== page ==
Diabetologia D. P. Cameron 0 T. K.-Y. Poon 0 G. C. Smith 0 0 MecficalResearch Centre, Prince Henry's Hospital , Melbourne , and Department of Anatomy, Monash University , Clayton , Australia Summary. Administration of monosodium glutamate (MSG) to KK mice during the neonatal period resulted in a syndrome of obesity, stunting and hypogonadism. In some animals the genetic predisposition to diabetes was unmasked with the development of marked hyperglycaemia and or hyperinsulinaemia. Food intake was not increased compared to controls. The elevated plasma glucose and insulin in fed MSG treated mice fell rapidly with food deprivation. Glucose disposal was comparable in MSG treated and control mice after IP glucose, but after oral glucose MSG treated mice showed impaired glucose tolerance. Insulin secretion was defectivein MSG treated mice after IP but not after oral glucose. Obese mice; genetic diabetes; arcuate nucleus; hypothalamus; hyperinsulinaemia; monosodium glutamate - Obesity and diabetes commonly coexist although the nature of their inter-relationship is poorly understood. The hypothalamus is known to play an important integrative role in the regulation of food intake and influences carbohydrate and lipid metabolism by a variety of mechanisms, including effects on insulin and glucagon secretion [ 1 ]. Evidence for disordered hypothalamic function has been presented in several of the rodent species or strains with spontaneous obesity and or hyperglycaemia [ 2, 3 ] and it has been known for many years that destructive lesions of the ventromedial hypothalamic nuclei in rodents give rise to obesity [4]. More recently it has been established that * Supported by grants from the National Health and Medical Research Council of Australia and Novo Industri A/S such lesions could result also in hyperglycaemia and hyperinsulinaemia [ 5, 6 ]. Further Matsuo & Sino [7] have shown that ventromedial nucleus lesions induced by gold thioglucose (GTG) unmask the diabetic tendency in KK mice. Monosodium glutamate administered subcutaneously to neonatal mice has been reported by Olney [ 8 ] to cause destruction of the arcuate hypothalamic nuclei and give rise to a syndrome of obesity, with hypophagia, stunting and infertility. Cameron et al. [ 9, 10 ] have shown that such mice are normoglycaemic in the fed state with a tendency t~ hypoglycaemia after an overnight fast, are insulin sensitive and have mild hyperinsulinaemia. It seemed therefore of interest to examine the effects of such arcuate nucleus lesions on the carbohydrate metabolism of KK mice. Methods KK Mice from the Prince Henry's Hospital colony (derived from animals obtained from the Central Institute for Experimental Animals, Tokyo, Japan) were injected subcutaneously with MSG in increasing doses of 2.2-4.4 mg/g from day 1-10 of life [ 11 ]. Control mice received an equal volmne of normal saline. Mice were weaned at 4 weeks and subsequently fed a commercial chow ad lib. Animals were weighed at weaning and periodically until sacrificed at 24 weeks. Food intake was assessed periodically by weighing the food administered and subtracting that remaining at the end of defined periods. Preliminary studies had shown that spillage was comparable in both groups. Urine glucose and ketones and plasma glucose and insulin were determined for mice in the fed state 2, 5, 8, 10, 16 and 20 weeks after weaning. At 16 weeks the effect of overnight food deprivation on plasma glucose and insulin KK MICE PLASMA INSULIN AND GLUCOSE WITH AGE PLASMA IRI MSG CONTROL ~ p( 0-05 p ( 0'01 I MEAN _.+SEM ,:, D.P. Cameronet al.: EffectsofMonosodiumGlutamateAdministration KK MSG MICE = BODY WEIGHTS og3o ~ zo IO' o / =E E 8O was examined. The effect of intraperitoneal (IP) and oral glucose administration (1.0 g/kg) was studied in different groups of mice fasted overnight and anaesthetised with pentobarbitone sodium 60 mg/kg. Blood samples were obtained at 0, 2, 5, 15 and 45 rain in the I.P. study and 0, 15, 30 and 60 min in the oral. Insulin sensitivity was assessed by the administration of regular insulin 0.075 u/kg intravenously to mice in the fed state and after an overnight fast. Blood samples were obtained at 0, 5, 10, 20 and 30 min. Blood samples in all studies were taken from the orbital venous plexus in heparinised capillary tubes, transferred immediately to chilled, heparinised Microfuge tubes and the plasma separated by centrifugation in a Microfuge (Beckman Instruments). Plasma was stored at - 20 ~ until assayed. Mice were sacrificed in the fed state and testicular and pituitary weights determined. Brains of six representative MSG treated and six control animals were taken for histological examination. These were fixed in 10% neutral formalin, serial 10 ~tcoronal sections were taken through the hypothalamus and stained with toluidine blue. Pancreases were extracted by sonication with a Branson Sonicator Model B30 in 1N acetic acid pH 2.4 for determination of insulin content. Urine glucose was estimated with Clinistix (Ames) and urine ketones with Ketostix (Ames). Plasma glucose was determined by a glucose oxidase method in 5 ~tl samples and plasma and pancreatic insulin by radioimmunoassay using a mouse insulin standard (Lot M 181072 Novo Industri A/S) as described previously [ 12 ]. Statistical comparisons between groups were carried out using Student's t test. Results Figure 1 shows the body weights of MSG treated and control mice from weaning until sacrifice. It is evident that MSG treated mice were significantlyheavier than controls by eight weeks after weaning and subsequently became markedly obese. MSG mice were stunted compared to controls. At 20 weeks postweanD. P. Cameronet al.:EffectsofMonosodiumGlutamateAdministration KK MSG MICE ( GLUCOSE I-OG/Kg I. P. ) ing the nasoanal length of MSG mice was 8.94 + 0.1 cm (n = 14)mean + SEM and of control mice 9.61 + 0.13 cm (n = 14) p < 0.01. The Lee Index ( 3 ~ ( g ) x 103), L e n g t h - (cm) a measure of the degree of adiposity [ 13 ] was significantly greater (p<0.01) in MSG mice, 393.1 + 2.8 (n = 14), than controls, 320.4 + 5.4 (n = 14), (mean + SEM) at 20 weeks after weaning. Food intake was not significantly different between the two groups during the eight weeks after weaning-MSG 3.1 _+ 0.1 g/ mouse/day and Control 3.39 + 0.13 g/mouse/day (mean + SEM). Commencing 2 weeks after weaning 2 out of 31 MSG treated mice showed 2% glycosuria and the number of glycosuric animals increased with time so that from 8 weeks after weaning until sacrifice at 20 weeks approximately 40% of the treated animals had 2% urinary glucose. No control KK mice showed more than a trace of urinary glucose. Ketonuria was not observed in any animals. Figure 2 summarises the plasma glucose and insulin levels in fed MSG and control mice at various times after weaning. No significant difference in plasma glucose was present at two weeks, but subsequently MSG treated mice consistently had a significant elevation of plasma glucose. Plasma insulin levels, while tending to be higher in MSG treated mice at 2 and 5 weeks after weaning, were markedly and significantly elevated at subsequent times. Considerable variability in the levels of plasma insulin was observed in the same mice at different times, whereas the plasma glucose levels remained comparable in the same mice from the 5th week onwards. In Table 1 plasma glucose and insulin in mice 16 weeks after weaning in the fed state and after an overnight fast are shown. Plasma glucose fell in both groups with fasting, but to a much greater extent in MSG treated than control mice such that, at this time, there was no significant difference between the groups. Plasma insulin also fell in both groups. The fall was again greater in MSG treated animals; however, the levels were still significantly(p<0.05) greater than in controls. The effect of IP glucose administration is shown in Figure 3. Plasma glucose levels were not significantly different between the two groups at any time. Plasma insulin levels, however, differed markedly in that the peak seen at 2 min in the control mice was not noted in the MSG treated animals. With oral glucose administration (Fig. 4) glucose disposal was significantly impaired in MSG mice compared to the controls despite higher plasma insulin levels. Figure 5 shows the plasma glucose response to I.V. insulin in fed and fasted KK mice. In both fed and fasted states the fall in plasma glucose was less in MSG treated than con:E E 30 20 I0 E ~. 30 IO t4 12 I0 8 i i r i 0 5 I0 15 20 25 30 :55 40 4,5 MINUTES Fig.3. MSGtreatedandcontrolKKmice.Effectofintraperitoneal glucose1.0g/kgonplasmaglucoseandinsulin.Animalswerefasted overnightbeforethe test KK MSG MICE ( GLUCOSE I-0 G / Kg ORALLY ) / -I~ ~ i/ill'" -- ~ ~ ~ ~ ~ ..t.,.. _. ~ ~ --:.--" ~ J ~" .tl O L I j I I j PLASMA I.R.I. /~ / / '/ \ " '\ / / / \ \, KK MSG 0--4 =5) KK nCONTROL X----X (n ~ -X- p(-05 *p<.o~ M I MUTES Fig.4. Effectoforalglucose1.0 g/kgon plasmaglucoseandinsulin in MSG treated e---e and control 2 1 5 KK mice after an overnightfast I00 Z o or" 8o pZ UoZJ 60 0 ~_) -J 40 pZ -- 20 Z I00 o I~--:- 8o Z k~A w 6o ..A < 40 2: -- 20 0 o o o I; 2i o ~ 3'0 .m (n-B) CONTROL X x (n-B5i ) ,io ,i5 M I NOTES 2'o 2; 3'0 trol mice and the return towards basal was more prompt. N o significant difference in pancreatic insulin con tent or concentration was seen between the two groups of mice sacrificed at 20 weeks (Table 2). Table 3 lists morphometric characteristics of mice killed 20 weeks after weaning. MSG treated mice showed significant diminution of pituitary and testicular weight. Histological examination of the hypothalamus of the MSG treated and control mice showed lesions in the arcuate nuclei of the MSG treated animals with loss of neuronal cell bodies and collapse similar to that described for normal mice treated with MSG [10]. Discussion The KK strain of mice is an inbred strain with a genetic predisposition to diabetes. Overt diabetes, however, does not usually occur when the mice are kept under standard laboratory conditions [ 14, 15, 16 ]. In our colony only occasional animals exhibit glycosuria. It has been shown that diabetes in KK mice can be unmasked when they are fed a high carbohydrate diet [ 14 ] or when made obese either by the introduction of the A y gene [ 15 ] or by gold thioglucose induced ventromedial nucleus hyperphagia. The latter treatment unmasks the diabetic tendency in approximately 50"/0 of the treated animals. Considerable differences were, however, noted in the metabolic state of the mice treated with MSG between the fed and fasted states. In the fed state the treated animals as a group were hyperglycaemic, hyperinsulinaemic and insulin resistant. However, after an overnight fast, plasma glucose and insulin values were comparable in both treated and control mice. In the fasted state the mice given MSG continued to show a degree of insulin resistance, were glucose intolerant after an oral glucose load and failed to release insulin rapidly after intraperitoneal glucose administration. The aetiology of obesity in MSG treated mice is still uncertain but it is clearly not the result of hyper Lee index 320.4 + 2.8 (n = 14) 393.1 + 5.4 (n = 14) Pituitary weight mg Testicular weight mg 1.76 + 0.13 (n = 13) 0.64 + 0.09 (n = 12) 202.4 + 11.1 (n = 6) 95.4 + 31.8 (n = 6) phagia either in this study or in those on normal mice given MSG [ 8, 9, 10, 17 ]. Difficult to reconcile with this are the findings of Araujo and Mayer [17] who, using a tilt table, reported increased activity in MSG treated normal mice compared to their controls. No estimate of energy expenditure was undertaken in the present study and further detailed examination of the pattern of food intake in treated animals and of energy expenditure appear indicated. Han et al. [ 18 ] and Bernardis & Skelton [ 19, 20 ] have shown that weanling rats with electrolytic lesions in the ventromedial hypothalamic nuclei became obese without excessive caloric intake. Frohman and Bemardis [6] concluded that at least one major factor contributing to excessive accumulation of adipose tissue in VMN lesioned weanling rats was growth hormone deficiency resulthag from the hypothalamic lesions. The arcuate nucleus is known to be a new area for the regulation of growth hormone secretion [ 21 ] and growth hormone deficiency seems likely in the MSG treated mice in the present study in view of the stunting and decreased pituitary weights. However, massive obesity of the type seen in the mice given MSG is not a usual consequence of hypophysectomy. That the hypothalamus may affect lipolysis directly via the autonomic nervous system has been proposed by Goodner [ 22 ]. The possibility that impaired regulation of lipolysis by the autonomic nervous system resulting from the arcuate nucleus destruction may contribute to the obesity in MSG treated mice requires study. Hyperinsulinaemia, when present, is doubtless of importance in directing ingested calories to fat storage but is unlikely to be of primary aetiological significance in the present study since, while obesity was a constant finding, hyperinsulinaemia was not. The cause of hyperglycaemia and hyperinsulinaemia in treated mice is not certain. While all MSG treated KK mice became obese not all became diabetic or hyperinsulinaemic and no significant correlation was found between plasma glucose or plasma insulin levels and body weight or adiposity as measured by the Lee Index. In the studies of Iwatsuka et al. in KK mice carrying h y gene [151 and of Matsuo and Shino in KK mice with gold thioglucose induced obesity [ 7 ] hyperglycaemia was considered to stem from obesity causing insulin resistance. As in the above studies and in contrast to observations in normal mice treated with MSG [ 10 ], KK MSG mice showed a degree of insulin resistance. Insulin resistance , however, was present also in the fasted state when MSG treated mice did not exhibit hyperglycaemia and when plasma insulin had fallen to levels approaching those in controls. The hyperglycaemia in KK mice treated with MSG appears to be very dependent on food intake as evidenced by the marked fall in plasma glucose in MSG treated mice compared with controls when this was given by the oral rather than the I.P. route. It is clear from the studies of Frohman [23] & Shimazu [ 24, 25 ] that the hypothalamus may influence hepatic glucose output and Szabo & Szabo [26] have recently demonstrated an intracranial insulin sensor which effects a rapid fall in plasma glucose via the autonomic nervous system. One may postulate that MSG treatment has disturbed such regulatory mechanisms resulting in hyperglycaemia; however, the difference in the effects on blood glucose between MSG treated normal and KK mice remains unexplained. As with hyperglycaemia the elevated plasma insulin levels in the MSG treated KK mice do not appear to be a direct consequence of the obesity, the degree of hyperinsulinaemia appears to be clearly related to oral substrate intake. Studies in ventromedial nucleus lesioned animals have shown that at least part of the hyperinsulinaemia which occurs is independent of hyperphagia and may be a direct consequence of the hypothalamic lesion [ 27, 29 ]. No comparable studies have been undertaken in MSG treated animals. The finding of comparable pancreatic insulin content and concentration was somewhat surprising in view of the marked hyperinsulinaemia present in some animals. V. M. N. lesions in KK mice have been shown to cause islet hyperplasia with degranulated B cells [7]. No histological examinations were carried out to assess the size of the islet mass in the present study or the degree of granulation of B cells. This study, therefore, shows that MSG induced arcuate nucleus lesions produce a variety of metabolic abnormalities and may unmask the genetic tendency to diabetes in this strain. The mechanisms responsible for hyperglycaemia and hyperinsulinaemia are not clear. Obesity and insulin resistance do not appear to be primarily responsible and one may postulate a more direct role of the hypothalamic lesion. The reason why only some treated mice developed hyperglycaemia or hyperinsulinaemia may be related to the extent of the lesion produced by MSG. Bernardis & Frohman [ 29 ] have shown that the extent of the electrolytic lesions produced in the region of the ventromedial nuclei of weanling rate affected the levels of growth hormone and insulin in plasma. No systematic study of lesion size was made in the present group of animals although in six representative mice it was confirmed that the lesions were located in the arcuate nuclei. Further, the factors responsible for hyperglycaemia and gross hyperinsulinaemia in MSG treated KK mice, as compared to similarly treated normal mice, are unclear and, no doubt, reflect unidentified genetic factors operating in this strain. This model deserves further study in an attempt to gain greater insight into the relationship of obesity to dia 1. Frohman , L. A. : The hypothalamus and metabolic control . Pathobiology Annual 1 , 353 - 372 ( 1971 ) 2. Bray , G. A. , York, D. A.: Genetically transmitted obesity in rodents Physiol . Rev . 51 , 598 - 646 ( 1971 ) 3. Cameron , D. , Stauffacher , W. , Renold , A. E. : Spontaneous hyperglycaemia and obesity in laboratory rodents . In: Handbook of physiology, endocrine pancreas (eds. D. F. Steiner, Freinkel), pp. 611 - 625 . Washington: American Physiology Society 1972 4. Hetherington , A. W. , Ranson , S. W. : Hypothalamiclesions and adiposity in the rat . Anat. Rec . 78 , 149 - 172 ( 1940 ) 5. Hales , C. N. , Kennedy , G. 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P. , Cutbush , L. , Opat , F. : Plasma glucose and insulinin monosodium glutamate induced obesity in mice . Clin. Exp. Pharm. Phys . (In press) 11. Potts , A. M. , Modrell , K. W. , Kingsburg , C. : Permanentfractionation of the electroretinogram by sodium glutamate . Amer. J. Ophthal . 59 , 900 - 907 ( 1960 ) 12. Cameron , D. P. , Stauffacher , W. , Amherdt , M. , Orci , L. , Renold , A. E. : Kinetics of immunoreactive insulinrelease in obese hyperglycaemie laboratory rodents . Endocrinology 92 , 257 - 264 ( 1973 ) 13. Bernardis , L. L. , Patterson , B. D. : Correlation between 'Lee Index' and carcass fat in weanling and adult female rats with hypothalamic lesions . J. Endocr . 40 , 527 - 528 ( 1968 ) 14. Matsuo , T. , Shino , A. , Iwatsuka , H. , Suzuoki , Z. : Inductionof overt diabetes in KK mice by dietary means . Endoer. jap. 17 , 477 - 488 ( 1970 ) 15. Iwatsuka , H. , Shino , A. , Suzuoki , Z. : Generalsurveyof diabetic features of yellow KK mice . Endocr. jap. 17 , 23 - 35 ( 1970 ) 16. Matsuo , T. , Shino , A. , Iwatsuka , H. , Suzuoki , Z. : Studies on diabetogenic action of obesity in mice. Congenital insulinresistance of KK mice . Endocr. jap. 17 , 535 - 540 ( 1970 ) 17. Aran]o, P. E. , Mayer , J.: Activity increase associated with obesty induced by monosodinm glutamate in mice . Amer. J. Physiol . 225 , 764 - 765 ( 1973 ) 18. Han, P. W. , Lin , G.-H. , Chu , K.-C., Mu , J.-Y., Liu , A.-C.: Hypothalamic obesity in weanling rats . Amer. J. Physiol . 209 , 627 - 631 ( 1965 ) 19. Bernardis , L. L. , Skelton , F. R. : Growth and obesity following ventromedial hypothalamic lesions placed in female rats at four different ages . Neuroendocrinology 1 , 265 - 275 ( 1965 ) 20. Bernardis , L. L. , Skelton , F. R. : Growth and obesity in male rats after placement of ventromedial hypothalamic lesions at four different ages . J. Endocr . 38 , 351 - 352 ( 1967 ) 21. Martin , J. B. : Neural regulation of growth hormone secretion . New Engl. J. Med . 288 , 1384 - 1393 ( 1973 ) 22. Goodner , C. J. , Tustison , W. A. , Davidson , M. B. , Chu , P.-C., Conway , M. J. : Studies of substrate regulation in fasting. 1. Evidence for central regulation of lipolysis by plasma glucose mediated by the sympathetic nervous system . Diabetes 16 , 576 - 589 ( 1967 ) 33. Frohman , L. A. , Bernardis , L. L. : Effect of hypothalamic stimulation on plasma glucose, insulinand glucagonlevels . Amer. J. Physiol . 221 , 1596 - 1603 ( 1971 ) 24. Shimazu , T. , Fukuda , A. , Ban , T. : Reciprocal influences of ventromedial and lateral hypothalamie nuclei on blood glucose level and liver glycogen content . Nature (Lond.) 210 , 1178 - 1179 ( 1966 ) 25. Shimazu , T. , Amakawa , A. : Regulation of glycogenmetabolism in liver by the autonomic nervous system 11. Neural control of glycogenolyticenzymes . Biochim. biophys. Acta . (Amst.) 165 , 335 - 348 ( 1968 ) 26. Szabo , O. , Szabo , A. J. : Evidence for an insulinsensitivereceptor in the central nervous system . Amer. J. Physiol . 223 , 1349 - 1353 ( 1972 ) 27. Han, P. W. , Frohman , L. A. : Hyperinsulinaemia in tube-fed hypophysectomised rats bearinghypothalamic lesions . Amer. J. Physiol . 219 , 1632 - 1636 ( 1970 ) 28. Stauffacher , W. , Orci , L. , Marliss , E. , Cameron , D. P. : Nutritional influences on hyperglycaemic syndromes in laboratory rodents. Suggested usefulness of an "under developed" area of research . Acta diabet, lat. 9 , 579 - 596 ( 1972 ) 29. Bernardis , L. L. , Frohman , L. A. : Effect of lesion size in the ventromedial hypothalamus on growth hormone and insulin levelsin weanlingrats . Neuroendocrinology 6 , 319 - 328 ( 1970 ) Received." June 29 , 1976 , and in revised form: August 23 , 1976 Dr. D. P. Cameron Medical Research Centre Prince Henry's Hospital St . Kilda Road Melbourne , Vic. 3004 Australia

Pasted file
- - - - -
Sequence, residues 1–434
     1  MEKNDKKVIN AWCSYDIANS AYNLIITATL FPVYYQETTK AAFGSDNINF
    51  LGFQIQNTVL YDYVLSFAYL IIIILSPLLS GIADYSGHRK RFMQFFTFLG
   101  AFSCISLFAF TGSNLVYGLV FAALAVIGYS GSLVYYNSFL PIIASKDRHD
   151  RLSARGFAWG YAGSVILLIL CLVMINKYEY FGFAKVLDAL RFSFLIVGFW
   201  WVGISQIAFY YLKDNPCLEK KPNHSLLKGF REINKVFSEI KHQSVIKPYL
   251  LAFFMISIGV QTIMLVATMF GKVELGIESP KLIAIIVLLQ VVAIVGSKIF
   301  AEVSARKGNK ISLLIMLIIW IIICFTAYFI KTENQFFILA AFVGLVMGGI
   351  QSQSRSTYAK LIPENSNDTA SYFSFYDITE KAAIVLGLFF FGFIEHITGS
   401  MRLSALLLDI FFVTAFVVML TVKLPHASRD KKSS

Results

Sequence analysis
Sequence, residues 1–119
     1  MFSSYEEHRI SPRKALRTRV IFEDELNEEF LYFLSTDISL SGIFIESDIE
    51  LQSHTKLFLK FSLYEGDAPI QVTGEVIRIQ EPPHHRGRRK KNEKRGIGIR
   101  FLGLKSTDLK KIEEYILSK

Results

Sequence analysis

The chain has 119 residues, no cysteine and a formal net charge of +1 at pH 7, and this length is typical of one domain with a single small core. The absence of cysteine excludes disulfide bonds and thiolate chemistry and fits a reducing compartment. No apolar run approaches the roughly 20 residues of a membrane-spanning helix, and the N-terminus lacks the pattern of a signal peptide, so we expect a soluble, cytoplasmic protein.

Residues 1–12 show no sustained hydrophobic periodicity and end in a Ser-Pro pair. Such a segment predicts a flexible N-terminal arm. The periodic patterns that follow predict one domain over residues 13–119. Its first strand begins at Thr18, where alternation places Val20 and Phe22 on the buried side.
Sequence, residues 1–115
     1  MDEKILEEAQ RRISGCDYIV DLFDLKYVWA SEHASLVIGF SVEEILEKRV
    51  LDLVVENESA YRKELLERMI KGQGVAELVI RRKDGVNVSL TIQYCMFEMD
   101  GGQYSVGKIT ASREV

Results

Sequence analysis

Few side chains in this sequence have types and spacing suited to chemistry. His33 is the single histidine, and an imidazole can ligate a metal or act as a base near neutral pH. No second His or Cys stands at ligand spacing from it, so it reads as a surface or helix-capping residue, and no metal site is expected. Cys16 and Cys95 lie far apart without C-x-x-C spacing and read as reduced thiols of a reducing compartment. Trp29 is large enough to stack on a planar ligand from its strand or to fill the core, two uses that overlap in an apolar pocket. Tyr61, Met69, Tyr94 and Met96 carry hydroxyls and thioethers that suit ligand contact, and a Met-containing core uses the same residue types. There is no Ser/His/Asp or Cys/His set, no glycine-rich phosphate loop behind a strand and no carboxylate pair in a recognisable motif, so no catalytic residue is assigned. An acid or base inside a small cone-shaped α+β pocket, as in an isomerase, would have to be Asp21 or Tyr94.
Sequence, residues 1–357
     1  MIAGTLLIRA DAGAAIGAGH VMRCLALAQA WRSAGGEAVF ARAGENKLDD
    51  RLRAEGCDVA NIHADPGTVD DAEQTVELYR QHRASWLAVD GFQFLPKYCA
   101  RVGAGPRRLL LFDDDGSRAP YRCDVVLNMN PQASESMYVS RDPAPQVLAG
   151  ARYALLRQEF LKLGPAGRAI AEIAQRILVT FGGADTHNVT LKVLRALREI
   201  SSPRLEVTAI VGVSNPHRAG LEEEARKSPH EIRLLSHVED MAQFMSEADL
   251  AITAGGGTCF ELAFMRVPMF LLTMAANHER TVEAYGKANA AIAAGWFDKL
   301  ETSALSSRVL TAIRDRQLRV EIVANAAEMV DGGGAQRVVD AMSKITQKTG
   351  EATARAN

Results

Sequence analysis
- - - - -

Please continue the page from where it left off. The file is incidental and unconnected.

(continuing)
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D. P. Cameron, T. K. -Y. Poon, G. C. Smith. Effects of monosodium glutamate administration in the neonatal period on the diabetic syndrome in KK mice, Diabetologia, 1976, 621-626, DOI: 10.1007/BF01220641